My daughter chose The Wild Book by Margarita Engle because she loved the cover. I could tell the book would be too hard for her (a kindergartener) to read herself, but we always check out some library books that I will read to her. I didn’t know anything about the book when we got it. It turned out to be a beautiful treasure.
The book begins with the following inscription:
For young readers
who dread reading
and for those
who love blank books.
I loved this book already!
The Wild Book tells the story of Fefa, a young girl growing up in Cuba around 1912. Fefa is diagnosed with word-blindness, what we now call dyslexia (although I kind of wish we still called it word-blindness). Her mother gives her a blank book in which to practice and try to tame those wild words. Ultimately, Fefa’s wild book does much more than that.
Margarita Engle is a poet, and although this book tells a continuous story like a novel, the narrative unfolds in poems. These are not rhyming, sing-songy children’s poems. These are beautiful, sophisticated strings of words. I was glad to be reading The Wild Book aloud (a chore that Fefa hates) because the words flowed delightfully off my tongue.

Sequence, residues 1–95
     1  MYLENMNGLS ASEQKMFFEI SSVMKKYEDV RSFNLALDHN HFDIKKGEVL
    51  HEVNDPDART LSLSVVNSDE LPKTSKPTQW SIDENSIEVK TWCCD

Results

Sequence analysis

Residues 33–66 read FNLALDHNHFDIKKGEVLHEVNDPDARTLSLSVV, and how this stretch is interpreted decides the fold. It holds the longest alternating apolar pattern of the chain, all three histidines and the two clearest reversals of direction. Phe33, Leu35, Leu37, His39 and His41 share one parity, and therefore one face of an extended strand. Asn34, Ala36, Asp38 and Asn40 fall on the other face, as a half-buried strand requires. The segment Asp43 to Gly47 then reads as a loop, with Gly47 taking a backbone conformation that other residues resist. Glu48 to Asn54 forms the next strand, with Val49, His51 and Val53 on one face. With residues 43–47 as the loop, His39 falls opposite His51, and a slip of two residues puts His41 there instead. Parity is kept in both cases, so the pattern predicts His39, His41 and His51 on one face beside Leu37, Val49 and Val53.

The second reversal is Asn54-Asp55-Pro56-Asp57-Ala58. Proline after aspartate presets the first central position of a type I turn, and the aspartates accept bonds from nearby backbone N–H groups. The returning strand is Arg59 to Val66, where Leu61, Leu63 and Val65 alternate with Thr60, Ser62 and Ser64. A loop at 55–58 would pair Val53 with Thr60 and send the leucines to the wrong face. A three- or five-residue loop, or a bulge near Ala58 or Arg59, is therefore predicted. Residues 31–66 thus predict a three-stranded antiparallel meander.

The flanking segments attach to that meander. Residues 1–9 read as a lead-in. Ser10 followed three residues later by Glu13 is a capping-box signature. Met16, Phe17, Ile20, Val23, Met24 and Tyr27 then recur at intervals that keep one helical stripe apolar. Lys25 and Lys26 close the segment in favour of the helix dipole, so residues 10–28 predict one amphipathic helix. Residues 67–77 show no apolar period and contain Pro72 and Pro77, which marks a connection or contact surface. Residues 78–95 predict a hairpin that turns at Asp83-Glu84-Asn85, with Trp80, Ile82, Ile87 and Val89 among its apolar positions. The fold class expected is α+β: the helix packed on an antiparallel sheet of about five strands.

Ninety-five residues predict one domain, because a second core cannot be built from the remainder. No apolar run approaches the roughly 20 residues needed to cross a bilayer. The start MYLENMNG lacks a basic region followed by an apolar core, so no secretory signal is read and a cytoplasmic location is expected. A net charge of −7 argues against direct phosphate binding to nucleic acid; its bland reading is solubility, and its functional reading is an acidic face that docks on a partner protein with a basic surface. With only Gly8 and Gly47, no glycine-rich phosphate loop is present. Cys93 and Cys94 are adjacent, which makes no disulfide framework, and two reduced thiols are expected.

And the images Engle creates are captivating. My daughter frequently had me flip back to the cover so she could point out things from the story. “There’s the bird.” “There’s the caiman.” She heard the words, saw them in her mind, and remembered. The words drew her in as much as the cover initially did.
The Wild Book is based on the true story of Engle’s grandmother, and for all it’s beauty, there are harsh realities in The Wild Book authentic to Cuba in the period after the Spanish-American War and the subsequent U.S. occupation. There were definitely moments I though might be too scary for my six-year-old, but she didn’t seem disturbed by it. I’ll share spoilers in the next paragraph for anyone who wants to review them before sharing this book with their children.
Here are the things that I think could be scary or disturbing for some children. There are frequent references to children being kidnapped, and people threatening to kidnap children if the parents won’t pay. At one point an adult man writes a creepy poem for ten-year-old Fefa. Fefa’s brother plays with a gun and ends up shooting himself. (He survives.)
END OF SPOILERS
I highly recommend The Wild Book for children or adults. If you get it, try reading it aloud.
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Filed under: Book reviews